Economic insecurity, political instability, lack of community - all these things can profoundly impact mental health and its greatest fruit: artistic inspiration and appreciation. When individuals are preoccupied with basic safety concerns, their ability to channel creativity and engage in artistic endeavors becomes hindered. An artist struggling to make ends meet may find it challenging to allocate time and mental energy to their craft when survival needs take precedence. Likewise, individuals living in sick, alienating environments may be too consumed by their concerns to appreciate or engage with art fully.
Economic inequality is shocking beyond belief: the richest 1 percent grabbed nearly two-thirds of all new wealth since the pandemic. A billionaire gained roughly $1.7 million for every $1 of new global wealth earned by a person in the bottom 90 percent. Billionaire fortunes have increased by $2.7 billion a day. These are official reports. More info here.
I know what you might be thinking: some groundbreaking artists emerged from periods of political and social turmoil, as their art became a medium for expressing the turbulence of their times. However, this doesn't negate the fact that the vast majority of artists living in precarious conditions may find themselves unable to take artistic risks, experiment, or delve deep into their creative processes. Moreover, stress affects the audience's sensitivity to high-quality art. Individuals may have diminished emotional bandwidth and cognitive resources to engage with complexity. Survival instincts often take precedence over aesthetic appreciation. In such circumstances, the public's ability for intellectual stimulation is curtailed.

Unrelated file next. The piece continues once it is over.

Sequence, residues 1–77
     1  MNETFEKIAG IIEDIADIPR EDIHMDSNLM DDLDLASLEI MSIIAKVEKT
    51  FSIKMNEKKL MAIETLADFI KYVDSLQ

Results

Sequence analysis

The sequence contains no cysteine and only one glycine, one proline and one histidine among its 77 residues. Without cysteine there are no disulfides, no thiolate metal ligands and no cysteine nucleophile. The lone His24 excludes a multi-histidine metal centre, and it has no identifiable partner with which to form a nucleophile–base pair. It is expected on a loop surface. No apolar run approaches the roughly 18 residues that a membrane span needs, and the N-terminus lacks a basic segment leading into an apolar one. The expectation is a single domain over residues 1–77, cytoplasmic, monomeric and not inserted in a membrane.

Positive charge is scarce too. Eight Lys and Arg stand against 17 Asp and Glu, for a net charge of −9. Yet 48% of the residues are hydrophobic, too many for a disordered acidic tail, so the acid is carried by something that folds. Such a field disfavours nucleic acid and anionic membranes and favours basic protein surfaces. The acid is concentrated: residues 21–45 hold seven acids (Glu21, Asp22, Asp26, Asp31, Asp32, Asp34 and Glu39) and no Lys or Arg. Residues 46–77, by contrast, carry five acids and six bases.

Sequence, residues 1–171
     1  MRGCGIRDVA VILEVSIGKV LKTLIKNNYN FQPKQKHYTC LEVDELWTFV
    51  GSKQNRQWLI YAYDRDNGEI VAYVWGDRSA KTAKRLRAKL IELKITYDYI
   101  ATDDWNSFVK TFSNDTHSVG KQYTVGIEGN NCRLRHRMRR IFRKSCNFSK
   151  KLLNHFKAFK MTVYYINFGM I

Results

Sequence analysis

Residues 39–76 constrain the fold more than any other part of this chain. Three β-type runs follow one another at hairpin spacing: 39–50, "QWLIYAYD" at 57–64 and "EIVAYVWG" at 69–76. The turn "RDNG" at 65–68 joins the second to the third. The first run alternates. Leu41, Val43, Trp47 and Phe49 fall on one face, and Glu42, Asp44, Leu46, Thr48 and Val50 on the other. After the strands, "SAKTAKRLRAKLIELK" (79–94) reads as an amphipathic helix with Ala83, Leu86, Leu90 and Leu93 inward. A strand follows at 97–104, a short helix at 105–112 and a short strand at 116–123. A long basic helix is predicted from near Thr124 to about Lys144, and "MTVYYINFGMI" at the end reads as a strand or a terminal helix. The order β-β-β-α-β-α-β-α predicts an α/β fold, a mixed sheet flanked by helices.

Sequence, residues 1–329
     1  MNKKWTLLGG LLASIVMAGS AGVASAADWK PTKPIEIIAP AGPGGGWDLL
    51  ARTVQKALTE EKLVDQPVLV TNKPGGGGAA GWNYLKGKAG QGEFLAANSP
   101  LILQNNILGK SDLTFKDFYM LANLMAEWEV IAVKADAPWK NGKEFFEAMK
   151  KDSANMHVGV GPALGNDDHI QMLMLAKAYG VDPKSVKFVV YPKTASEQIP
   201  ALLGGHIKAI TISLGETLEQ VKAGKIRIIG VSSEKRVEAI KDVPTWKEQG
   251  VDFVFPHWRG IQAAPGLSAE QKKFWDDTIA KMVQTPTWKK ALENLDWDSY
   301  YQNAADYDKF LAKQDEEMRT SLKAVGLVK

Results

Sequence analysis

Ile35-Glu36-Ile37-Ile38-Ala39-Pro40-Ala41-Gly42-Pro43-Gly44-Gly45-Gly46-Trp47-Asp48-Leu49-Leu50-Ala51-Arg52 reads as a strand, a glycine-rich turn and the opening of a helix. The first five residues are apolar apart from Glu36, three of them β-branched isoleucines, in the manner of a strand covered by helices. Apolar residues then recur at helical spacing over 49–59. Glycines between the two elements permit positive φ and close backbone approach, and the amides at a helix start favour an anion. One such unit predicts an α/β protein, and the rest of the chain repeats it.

I hope that the tectonic shift that I've noticed in the public - especially since the Covid epidemic - is temporary. Civilizations are built upon the contributions, interactions, and collective efforts of individuals. When citizens are isolated, disengaged, or apathetic about their role in society, the civilization suffers as a whole. Art is communication. When individuals become atomised and self-centered, it erodes dialogue. The contemporary art scene became an uncivilised jumble of screaming monologues which often verge on the abusive...
Not even the world's greatest masterpieces have the power to prevent the combined superpowers of apathy and ignorance.
PS- My favourite living intellectual, Professor Sam Vaknin, has quoted my recent interview for Dr. Alireza Bornamanesh. Sam Vaknin has an IQ of 190... (there's maybe 7 people worldwide with such sharp intelligence). He's arguably the father of most of the terminology used nowadays for narcissist personality disorder. He is a controversial intellectual, as he doesn't mince words. I rank him alongside Dostoievski, Socrates, da Vinci etc. Click on the link to watch the reel. https://www.instagram.com/p/CzBFWp8MELl/
Or for the full interview: Unveiling the Mystical Bond: Art, Psychoanalysis, and Shamanism